A previously healthy 7-year-old male patient was admitted to our Pediatric Department, complaining of unremitting fever above 39 °C for 5 days, fatigue, headache, and acute abdominal pain, unresponsive to non-steroidal anti-inflammatory drugs ,and antibiotic treatment with amoxicillin-clavulanate. At admission on physical examination, he presented with bilateral non-exudative conjunctivitis, skin rash on the trunk and upper limbs, and neck rigidity with some sign of meningism. He had had a pauci-symptomatic SARS-CoV-2 infection approximately 4 weeks before, characterized by 2 days of fever, asthenia, and headache. The infection had been ascertained by a positive oronasal swab for SARS-CoV-2. Laboratory findings showed marked elevation of CRP (275 mg/L) and ESR (66 mm/1th h), but also of ferritin (556 mg/L) and brain natriuretic peptide (pro-BNP; 3408 pg/ml). Marked lymphopenia (440/mmc) and hypoalbuminemia (23 g/L) were also found at admission. A molecular swab for SARS-CoV-2 was negative. The work-up excluded Epstein Barr virus, cytomegalovirus, parvovirus B19, adenovirus, and HIV infection. The echocardiography performed when he presented to the pediatric emergency unit showed signs of endocarditis (mild aortic and mitral regurgitation) with normal contractility of the myocardium and normal pulmonary pressure (26 mmHg). The abdominal ultrasound showed a thin layer of fluid among the intestinal loops and the chest x-ray showed a homogeneous parenchymal thickening in the left paracardiac basal area with small left basal pleural effusion. In view of his medical history, clinical examination, and blood and instrumental tests, a diagnosis of MIS-C related to COVID-19 infection was made. According to guidelines, IVIG at a dose of 2 g/kg associated with a high dose of metilprednisolone at a dose of 30 mg/kg were started (Table 1). Subcutaneous thromboprophylaxis with low-molecular weight heparin (LMWH) at a dose of 100 UI/kg was also initiated (Table 1). After the third bolus of high-dose corticosteroids, his fever and neurological symptoms persisted, together with a persistent elevation of CRP (135 mg/L). Therefore, intravenous anakinra (a 2 mg/kg/dose every 6 h) was started while intravenous methylprednisolone (1 mg/kg b.i.d.) was continued (Tables 1 and 2), showing a rapid response, with the disappearance of the fever and skin rash and the reduction of CRP (60 mg/L) and pro-BNP (546 pg/ml). After 2 days, he suddenly presented with progressive dyspnea, increased labored breathing, and hypoxia (SatO2: 85% in ambient air room), without any other associated symptoms. The delivery of O2 by humidified high-flow nasal cannula (HFNC) was started with a FiO2 50%. A chest CT scan was performed, showing multiple basal parenchymal thickening with small basal pleural effusion (Figure 1). An arterial blood gas analysis showed severe hypoxia (PaO2, 56 mmHg; PaO2/FiO2 ratio, 170 mmHg). The blood tests showed new slowly increasing inflammatory markers (CRP 113 mg/L, ESR 68 mm/1th h). Because of the increased work of breathing and persistent altered gas exchange, the patient was transferred to the pediatric intensive care unit (PICU), and then put on invasive mechanical ventilation. Administration of anti-IL-1 was modified and a continuous infusion of high-dose anakinra (12 mg/kg/day) was started (Tables 1 and 2). Echocardiography revealed increased pulmonary pressure (40 mmHg) with normal heart ejection fraction (55%). These results confirmed the hypothesis of ongoing pulmonary vasculitis involving pulmonary arterioles. Therefore, intravenous sildenafil at a dose of 0.15 mg/kg/day was started (35, 36) (Table 1), with a progressive reduction of pulmonary pressure (23 mmHg) and resolution of the clinical picture of respiratory failure. After 36 h from the start of the treatment, the patient’s clinical condition as well as laboratory parameters remarkably improved, and he was extubated and again transferred to our department. The treatment was well tolerated and after 3 days the CRP fell in the normal range, sildenafil was stopped, and the biologic treatment was escalated, taking off one dose of anakinra every 3 days, up to discontinuation (Table 1). At discharge, echocardiography revealed signs of previous cardiac involvement with persistent mild mitral regurgitation and total regression of aortic regurgitation, and chest x-ray showed a resolution of parenchymal thickening and pleural effusion. The treatment with LMWH was shifted to oral cardioaspirin at a dose of 5 mg/kg/day (max 100 mg/day) (Table 1). After 2 months of follow-up, the clinical examination was normal, and the blood test and cardiologic assessment with echocardiography also normalized; therefore, the cardioaspirin therapy was stopped.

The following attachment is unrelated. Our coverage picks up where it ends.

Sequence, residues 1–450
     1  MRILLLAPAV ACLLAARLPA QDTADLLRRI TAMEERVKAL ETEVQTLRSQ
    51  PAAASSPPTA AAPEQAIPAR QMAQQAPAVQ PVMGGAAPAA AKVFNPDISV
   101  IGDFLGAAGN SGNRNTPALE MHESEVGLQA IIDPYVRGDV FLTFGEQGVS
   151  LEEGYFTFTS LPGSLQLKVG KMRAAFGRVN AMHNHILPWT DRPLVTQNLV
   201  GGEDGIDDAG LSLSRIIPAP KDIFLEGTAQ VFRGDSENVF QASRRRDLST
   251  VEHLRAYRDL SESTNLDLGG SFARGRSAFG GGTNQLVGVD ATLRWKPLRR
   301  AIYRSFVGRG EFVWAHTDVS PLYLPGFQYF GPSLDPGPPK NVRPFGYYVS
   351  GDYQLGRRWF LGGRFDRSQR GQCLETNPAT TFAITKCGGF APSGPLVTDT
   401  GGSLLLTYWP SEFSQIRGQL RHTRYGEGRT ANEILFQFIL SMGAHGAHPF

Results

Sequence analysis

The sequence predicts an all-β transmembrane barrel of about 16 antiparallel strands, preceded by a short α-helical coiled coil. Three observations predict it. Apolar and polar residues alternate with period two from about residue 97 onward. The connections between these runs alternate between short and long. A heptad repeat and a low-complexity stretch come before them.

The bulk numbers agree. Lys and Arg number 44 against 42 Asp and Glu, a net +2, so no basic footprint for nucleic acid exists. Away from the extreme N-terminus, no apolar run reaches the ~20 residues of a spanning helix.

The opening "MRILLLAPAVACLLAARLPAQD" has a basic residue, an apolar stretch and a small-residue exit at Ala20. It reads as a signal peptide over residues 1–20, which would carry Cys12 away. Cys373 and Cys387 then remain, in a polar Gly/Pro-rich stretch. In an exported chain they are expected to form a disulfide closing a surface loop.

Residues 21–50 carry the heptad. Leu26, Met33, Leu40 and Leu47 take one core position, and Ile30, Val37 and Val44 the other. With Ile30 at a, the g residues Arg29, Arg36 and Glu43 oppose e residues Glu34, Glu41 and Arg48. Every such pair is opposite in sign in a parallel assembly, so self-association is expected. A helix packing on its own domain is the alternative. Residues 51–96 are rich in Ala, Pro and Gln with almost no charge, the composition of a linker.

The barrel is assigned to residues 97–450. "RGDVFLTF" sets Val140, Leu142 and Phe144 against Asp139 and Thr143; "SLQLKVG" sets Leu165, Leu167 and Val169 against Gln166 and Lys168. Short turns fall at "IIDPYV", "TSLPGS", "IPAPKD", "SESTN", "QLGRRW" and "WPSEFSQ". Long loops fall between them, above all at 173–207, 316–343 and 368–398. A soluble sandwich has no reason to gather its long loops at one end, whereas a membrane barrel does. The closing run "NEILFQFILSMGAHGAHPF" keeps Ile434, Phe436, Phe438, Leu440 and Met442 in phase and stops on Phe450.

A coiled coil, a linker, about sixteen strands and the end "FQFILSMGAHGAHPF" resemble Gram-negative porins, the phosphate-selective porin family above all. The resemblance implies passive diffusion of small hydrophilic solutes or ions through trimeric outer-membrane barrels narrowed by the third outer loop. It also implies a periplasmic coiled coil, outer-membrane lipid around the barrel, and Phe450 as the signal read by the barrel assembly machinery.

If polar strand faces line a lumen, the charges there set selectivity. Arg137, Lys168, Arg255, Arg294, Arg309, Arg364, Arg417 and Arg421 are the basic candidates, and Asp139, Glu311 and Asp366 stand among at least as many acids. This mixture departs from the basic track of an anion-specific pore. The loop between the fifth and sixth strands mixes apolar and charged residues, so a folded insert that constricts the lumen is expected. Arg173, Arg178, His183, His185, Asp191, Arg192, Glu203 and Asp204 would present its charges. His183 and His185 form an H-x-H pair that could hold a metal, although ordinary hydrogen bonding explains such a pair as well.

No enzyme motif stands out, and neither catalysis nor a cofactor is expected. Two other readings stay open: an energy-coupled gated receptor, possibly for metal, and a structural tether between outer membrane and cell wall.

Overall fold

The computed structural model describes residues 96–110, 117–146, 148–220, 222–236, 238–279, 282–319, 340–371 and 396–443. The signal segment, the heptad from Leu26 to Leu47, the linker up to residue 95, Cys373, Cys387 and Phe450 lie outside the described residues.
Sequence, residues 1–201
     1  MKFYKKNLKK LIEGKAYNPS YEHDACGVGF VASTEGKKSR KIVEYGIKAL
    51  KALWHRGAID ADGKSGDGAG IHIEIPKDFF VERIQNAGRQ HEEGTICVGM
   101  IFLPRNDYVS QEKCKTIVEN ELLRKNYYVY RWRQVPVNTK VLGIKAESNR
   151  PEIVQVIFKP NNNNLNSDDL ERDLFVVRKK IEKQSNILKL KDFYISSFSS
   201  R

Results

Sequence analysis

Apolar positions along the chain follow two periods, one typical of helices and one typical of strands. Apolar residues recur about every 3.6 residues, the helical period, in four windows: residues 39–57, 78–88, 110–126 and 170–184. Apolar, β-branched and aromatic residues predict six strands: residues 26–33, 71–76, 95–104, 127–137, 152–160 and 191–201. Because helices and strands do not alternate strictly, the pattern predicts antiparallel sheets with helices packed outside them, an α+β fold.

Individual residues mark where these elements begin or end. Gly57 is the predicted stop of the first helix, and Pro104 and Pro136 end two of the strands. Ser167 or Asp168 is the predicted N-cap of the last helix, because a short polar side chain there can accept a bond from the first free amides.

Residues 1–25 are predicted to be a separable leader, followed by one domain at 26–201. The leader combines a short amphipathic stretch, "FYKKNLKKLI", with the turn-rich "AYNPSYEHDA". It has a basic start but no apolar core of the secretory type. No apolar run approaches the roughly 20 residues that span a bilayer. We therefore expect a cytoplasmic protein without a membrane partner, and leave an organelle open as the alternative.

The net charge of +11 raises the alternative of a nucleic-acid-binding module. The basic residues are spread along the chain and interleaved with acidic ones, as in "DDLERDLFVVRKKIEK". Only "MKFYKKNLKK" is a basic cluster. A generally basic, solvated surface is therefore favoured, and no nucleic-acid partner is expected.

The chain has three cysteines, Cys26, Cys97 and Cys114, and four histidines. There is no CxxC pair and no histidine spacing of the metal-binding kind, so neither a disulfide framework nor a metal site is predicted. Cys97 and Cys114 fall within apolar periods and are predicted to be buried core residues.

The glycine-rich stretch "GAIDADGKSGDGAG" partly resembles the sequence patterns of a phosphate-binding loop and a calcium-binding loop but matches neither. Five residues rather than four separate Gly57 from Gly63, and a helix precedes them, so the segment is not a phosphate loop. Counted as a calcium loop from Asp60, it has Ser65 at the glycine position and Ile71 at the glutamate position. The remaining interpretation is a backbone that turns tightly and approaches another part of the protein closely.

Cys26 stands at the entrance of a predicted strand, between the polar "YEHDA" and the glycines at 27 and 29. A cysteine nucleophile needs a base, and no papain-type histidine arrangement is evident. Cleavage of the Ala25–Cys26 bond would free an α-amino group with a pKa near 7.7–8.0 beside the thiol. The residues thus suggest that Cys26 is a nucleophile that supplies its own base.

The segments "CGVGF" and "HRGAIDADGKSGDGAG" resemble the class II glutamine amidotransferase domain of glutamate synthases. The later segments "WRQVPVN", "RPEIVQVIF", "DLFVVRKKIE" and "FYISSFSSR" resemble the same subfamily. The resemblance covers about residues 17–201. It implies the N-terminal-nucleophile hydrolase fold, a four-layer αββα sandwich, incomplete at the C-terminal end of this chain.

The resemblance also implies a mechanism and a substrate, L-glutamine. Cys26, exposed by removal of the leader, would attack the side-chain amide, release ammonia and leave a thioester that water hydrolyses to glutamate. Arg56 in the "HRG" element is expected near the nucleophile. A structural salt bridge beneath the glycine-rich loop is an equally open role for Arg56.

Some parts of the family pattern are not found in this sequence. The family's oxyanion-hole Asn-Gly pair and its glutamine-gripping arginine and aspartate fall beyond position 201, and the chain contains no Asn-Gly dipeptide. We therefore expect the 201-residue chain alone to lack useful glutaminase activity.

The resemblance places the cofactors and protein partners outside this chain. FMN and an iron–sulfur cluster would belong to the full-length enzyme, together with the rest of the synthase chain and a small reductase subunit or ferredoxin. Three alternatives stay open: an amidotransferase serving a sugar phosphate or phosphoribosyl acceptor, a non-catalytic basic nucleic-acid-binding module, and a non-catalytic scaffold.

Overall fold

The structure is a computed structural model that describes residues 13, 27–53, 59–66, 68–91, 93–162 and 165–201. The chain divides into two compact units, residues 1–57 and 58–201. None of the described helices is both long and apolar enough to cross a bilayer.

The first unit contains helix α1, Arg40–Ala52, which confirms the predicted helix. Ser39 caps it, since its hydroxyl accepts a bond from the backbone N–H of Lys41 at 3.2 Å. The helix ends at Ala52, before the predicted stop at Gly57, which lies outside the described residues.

FIGURE 1